Now though, in most of our lives, what’s the absolute worst that can happen? A few awkward moments at a party when we say hello to someone new? A rejection from our boss when we propose a new project? Even with larger business and personal projects, the potential downside is usually not that bad. But too often we’re ruled by that primitive lizard brain, which focuses primarily on not dying, and not at all on prospering. Immensely valuable in the past, this deep human bias toward fear and over-caution is now an obstacle that frequently stands in our way.
Life will be richer and more interesting if we keep some of a child’s curiosity and enthusiasm to jump into something new. And, their openness to falling down repeatedly, and quickly getting back up again.
I think that one of the biggest things that sets high performers apart is that they have retained this childlike openness to continuously trying and failing at something, before they succeed even once. And then continuing to fail repeatedly before learning to do it well.
High performers not only fail more often, they have a much better way of thinking about failure. Low achievers often take a setback to mean they can’t do something, and give up. High achievers know that the way to do something well – the only way to do something well – is to try and fail repeatedly.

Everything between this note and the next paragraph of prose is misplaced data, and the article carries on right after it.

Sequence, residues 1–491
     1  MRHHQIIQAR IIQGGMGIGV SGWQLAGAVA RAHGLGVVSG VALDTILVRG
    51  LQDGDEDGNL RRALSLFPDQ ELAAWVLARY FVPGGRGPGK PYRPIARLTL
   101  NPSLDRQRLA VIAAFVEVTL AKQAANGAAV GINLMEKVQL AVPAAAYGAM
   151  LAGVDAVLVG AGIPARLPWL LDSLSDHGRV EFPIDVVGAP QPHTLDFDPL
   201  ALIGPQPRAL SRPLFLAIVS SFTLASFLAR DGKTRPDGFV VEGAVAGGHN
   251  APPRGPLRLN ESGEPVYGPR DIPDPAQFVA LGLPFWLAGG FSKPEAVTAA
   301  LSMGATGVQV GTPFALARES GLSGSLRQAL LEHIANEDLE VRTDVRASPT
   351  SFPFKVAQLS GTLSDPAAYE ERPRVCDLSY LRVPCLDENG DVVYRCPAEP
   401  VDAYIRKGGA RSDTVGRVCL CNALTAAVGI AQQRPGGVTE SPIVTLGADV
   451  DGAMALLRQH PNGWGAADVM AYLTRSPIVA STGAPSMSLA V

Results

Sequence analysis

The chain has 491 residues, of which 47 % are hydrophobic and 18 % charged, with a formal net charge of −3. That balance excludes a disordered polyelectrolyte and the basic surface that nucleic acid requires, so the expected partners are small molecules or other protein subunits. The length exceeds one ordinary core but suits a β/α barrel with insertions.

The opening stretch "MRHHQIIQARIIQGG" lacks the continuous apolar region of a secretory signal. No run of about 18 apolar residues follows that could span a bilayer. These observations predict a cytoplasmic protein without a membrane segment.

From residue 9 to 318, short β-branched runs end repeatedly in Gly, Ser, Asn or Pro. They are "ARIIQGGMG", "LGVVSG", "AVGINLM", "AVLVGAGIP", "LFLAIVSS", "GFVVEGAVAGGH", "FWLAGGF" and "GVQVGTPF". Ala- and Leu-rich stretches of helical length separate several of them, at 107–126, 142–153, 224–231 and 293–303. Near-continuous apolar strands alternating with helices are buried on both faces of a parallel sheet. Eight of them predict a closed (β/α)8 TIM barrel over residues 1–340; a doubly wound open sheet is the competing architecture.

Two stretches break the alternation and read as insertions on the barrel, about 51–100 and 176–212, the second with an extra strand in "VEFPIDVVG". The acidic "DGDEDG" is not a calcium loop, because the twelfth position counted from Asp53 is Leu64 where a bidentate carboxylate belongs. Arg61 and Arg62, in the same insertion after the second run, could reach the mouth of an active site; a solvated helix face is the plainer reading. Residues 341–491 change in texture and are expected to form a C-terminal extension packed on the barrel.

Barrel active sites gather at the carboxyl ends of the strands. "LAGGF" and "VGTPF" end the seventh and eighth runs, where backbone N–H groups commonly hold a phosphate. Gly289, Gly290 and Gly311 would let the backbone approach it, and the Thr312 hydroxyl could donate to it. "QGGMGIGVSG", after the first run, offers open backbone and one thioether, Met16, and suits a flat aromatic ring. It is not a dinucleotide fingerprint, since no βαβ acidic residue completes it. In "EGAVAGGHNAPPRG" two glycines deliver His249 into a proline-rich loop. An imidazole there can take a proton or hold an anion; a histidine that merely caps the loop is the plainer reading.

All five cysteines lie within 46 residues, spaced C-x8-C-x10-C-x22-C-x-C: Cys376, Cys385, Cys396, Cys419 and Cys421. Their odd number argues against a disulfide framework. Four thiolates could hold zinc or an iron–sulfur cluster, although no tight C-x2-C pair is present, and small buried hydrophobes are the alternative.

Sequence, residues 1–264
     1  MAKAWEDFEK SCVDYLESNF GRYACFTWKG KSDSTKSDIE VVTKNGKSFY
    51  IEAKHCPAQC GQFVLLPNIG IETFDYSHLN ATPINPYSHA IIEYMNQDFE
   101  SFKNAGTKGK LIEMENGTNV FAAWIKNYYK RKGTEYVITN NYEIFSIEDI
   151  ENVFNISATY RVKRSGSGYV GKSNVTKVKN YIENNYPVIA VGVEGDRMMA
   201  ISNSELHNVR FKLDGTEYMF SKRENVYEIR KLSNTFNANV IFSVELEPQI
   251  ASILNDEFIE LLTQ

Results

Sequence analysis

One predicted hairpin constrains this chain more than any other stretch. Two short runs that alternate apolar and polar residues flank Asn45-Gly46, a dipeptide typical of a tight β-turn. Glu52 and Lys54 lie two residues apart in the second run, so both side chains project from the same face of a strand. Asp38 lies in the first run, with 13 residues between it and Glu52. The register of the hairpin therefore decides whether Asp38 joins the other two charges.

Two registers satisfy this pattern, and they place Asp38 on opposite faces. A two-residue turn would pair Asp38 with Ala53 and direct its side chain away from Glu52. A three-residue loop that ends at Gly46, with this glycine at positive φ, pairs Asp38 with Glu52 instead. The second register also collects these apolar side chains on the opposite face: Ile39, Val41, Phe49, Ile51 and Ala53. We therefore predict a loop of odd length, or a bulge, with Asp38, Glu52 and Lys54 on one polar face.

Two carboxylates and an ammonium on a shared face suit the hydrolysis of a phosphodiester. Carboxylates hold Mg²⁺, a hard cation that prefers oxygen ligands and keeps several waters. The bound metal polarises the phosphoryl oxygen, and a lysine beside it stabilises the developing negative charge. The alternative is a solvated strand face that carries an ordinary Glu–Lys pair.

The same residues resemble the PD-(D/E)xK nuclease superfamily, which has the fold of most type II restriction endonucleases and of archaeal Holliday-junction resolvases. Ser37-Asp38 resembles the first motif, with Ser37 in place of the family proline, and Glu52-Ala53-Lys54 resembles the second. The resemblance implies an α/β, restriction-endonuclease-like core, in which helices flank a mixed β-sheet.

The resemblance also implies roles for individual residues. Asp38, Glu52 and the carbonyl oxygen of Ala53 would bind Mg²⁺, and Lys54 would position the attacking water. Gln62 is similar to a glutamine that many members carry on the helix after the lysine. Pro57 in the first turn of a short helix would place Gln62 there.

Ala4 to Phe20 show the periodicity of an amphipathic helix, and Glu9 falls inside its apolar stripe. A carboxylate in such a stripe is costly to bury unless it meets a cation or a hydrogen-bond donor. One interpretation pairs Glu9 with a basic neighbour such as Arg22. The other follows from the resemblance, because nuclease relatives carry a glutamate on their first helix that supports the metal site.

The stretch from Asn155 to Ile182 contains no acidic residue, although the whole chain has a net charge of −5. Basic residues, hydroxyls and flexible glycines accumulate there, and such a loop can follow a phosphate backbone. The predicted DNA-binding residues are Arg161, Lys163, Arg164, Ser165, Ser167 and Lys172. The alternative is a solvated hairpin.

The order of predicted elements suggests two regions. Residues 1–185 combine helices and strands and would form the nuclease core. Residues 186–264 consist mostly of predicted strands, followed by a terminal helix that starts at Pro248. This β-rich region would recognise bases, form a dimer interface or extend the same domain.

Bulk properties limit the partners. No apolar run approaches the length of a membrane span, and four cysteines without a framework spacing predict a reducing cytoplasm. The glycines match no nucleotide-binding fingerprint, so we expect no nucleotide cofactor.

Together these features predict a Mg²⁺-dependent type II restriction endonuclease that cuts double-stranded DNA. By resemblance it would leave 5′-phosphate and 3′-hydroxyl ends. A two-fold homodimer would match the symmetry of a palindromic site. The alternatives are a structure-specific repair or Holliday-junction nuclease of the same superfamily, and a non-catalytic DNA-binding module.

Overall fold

Another word for this is practice. Endless. Disciplined. Focused. Practice.
The Michael Jordan quote at the beginning of this post is my favorite of all time because I think it’s such a fabulous way to think about life. Everyone fails, and high achievers fail the most! Most importantly, they have a much better way of thinking about failure. In my own professional and personal projects, I find these insights endlessly useful, and remind myself of them or cite them admiringly the way religious people quote scripture.
If a business initiative doesn’t go my way, when a girl doesn’t want to go out with me, when I write a terrible draft of a post for this blog, I’ll say to myself, “That’s okay, Michael Jordan missed shots”. Or,“Don’t worry about it, Ichiro strikes out”.
Believe me, I say these things to myself a lot! And I find it such a profoundly useful way to think about life.
Neither of the photos in this post are my own.